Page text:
Outpost Luna 1The Good

This game is very easy to understand. It is one of the simplest city-building games I’ve come across. There are very few alterations to the basic rules of the game, so even someone who doesn’t fully understand the genre can easily figure it out.

The computer-generated opponents are not particularly complex, but they still provide a relative challenge, so they aren’t too easy.

The Bad

You can’t undo a move. If you place a card in Spot #3 on accident, you can’t fix that mistake.

The Challenge and Defend actions are difficult to understand. The game’s downloadable rulebook should be included in the app. After reading the rules online, I was able to better understand how to defend against attack.

Value

Outpost Luna costs $2.99, which is relatively inexpensive for a board game app. This game is fairly simple and doesn’t feature a whole lot of expensive graphics or game mechanics, so it is priced right. Since you can play alone, against friends in the same room, or with others online through Game Center, the replay value is very high.

Conclusion

This is a fairly simple city-building game, which may be a turn off for experts at games like Settlers of Catan. It is better suited for new gamers in the genre, but can still be a fun title for a quick pick-up game in the afternoon. It takes less than an hour to get through a whole game. Download it in the App Store today.

Related Apps

Catan is a city building game that uses resources to develop land. Stone Age is another city building game with resources as a main feature.

  • Share:
  • Follow:
  • Ian

    Cool

  • mhchehade

    Guys winterboard doesnt appear after installing it from cydia! What to do? Using iphone 5

    • Paul Williams

      If you would take a minute or two reading before you install a bunch of stuff from cydia you will probably know that until Mobile Substrate is fix nothing is gonna work smooth. Keep calm and wait for Mobile substrate to be updated.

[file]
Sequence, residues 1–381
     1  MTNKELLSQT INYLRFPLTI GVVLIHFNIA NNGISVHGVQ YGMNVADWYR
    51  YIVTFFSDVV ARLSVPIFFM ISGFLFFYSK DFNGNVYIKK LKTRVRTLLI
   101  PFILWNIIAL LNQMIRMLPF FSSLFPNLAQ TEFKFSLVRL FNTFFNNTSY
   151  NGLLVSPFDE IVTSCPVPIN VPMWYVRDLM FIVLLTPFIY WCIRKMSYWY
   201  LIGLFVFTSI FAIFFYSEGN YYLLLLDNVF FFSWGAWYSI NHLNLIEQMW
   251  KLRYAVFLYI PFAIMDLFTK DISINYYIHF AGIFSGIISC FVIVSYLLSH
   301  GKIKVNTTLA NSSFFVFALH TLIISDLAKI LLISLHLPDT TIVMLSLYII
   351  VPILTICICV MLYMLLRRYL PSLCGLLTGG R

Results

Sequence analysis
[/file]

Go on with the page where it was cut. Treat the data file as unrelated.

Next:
No need to rush you probably wait a While for this jailbreak so a couple of more days is not gonna hurt. And is gonna save you a lot of headache!

    • Derp

      Winterboard doesn’t work. Why did you download it…

      • mhchehade

        Just figured out ! It’s working after installing winterboard you need to re-install mobile substrate et voilà

      • Paul Williams

        Remember that you have to do the same procedure every time you reboot your device.

  • ccoltmanm

    I don’t like that every review for this game is by the developers.

    • Ariton Games

      Just curious as to what you mean by every review? Lory definitely isn’t one of the developers, and in iTunes there are a ton of reviews from others.

      • ccoltmanm

        In the App Store on my phone. Every review is a hyperbole, but the first bunch or so that I scrolled down were definitely. Seems, inappropriate.

      • Ariton Games

        Well, hard to control what others write. And as a small developer, it is very common to put a review and make it known that you are a developer. Sadly, most of the larger game companies hire outside people to write reviews.

        Do you like these style board games?

      • http://www.sacramaniacs.com/ Lory Gil

        I guess that’s what you get for being honest in your reviews about loving your own game instead of hiding who you are or hiring hundreds of people to write fake reviews. You can’t please everyone. ;)

      • ccoltmanm

        I do. I apologize if I came across as cross. I meant “every reviewer” was a hyperbole. Obviously that’s not true. I want small companies to get noticed and I suppose that is one way to make it happen. Good luck with your game!

      • http://www.sacramaniacs.com/ Lory Gil

        Thanks for clarifying and noting your appreciation of indie game devs. My hat goes off to you for your comment.

  • Ariton Games

    Thanks for the review! Also, we will plan on including the rules in the next update as well as adding some new Computer Opponents for challenges. You can currently undo the moving of a card to the 3rd slot by tapping and then tapping on the right arrows, or by dragging it to the right. We will try to make it more obvious in the next version.

    • http://www.sacramaniacs.com/ Lory Gil

      Thanks for letting us know. Looking forward to the update.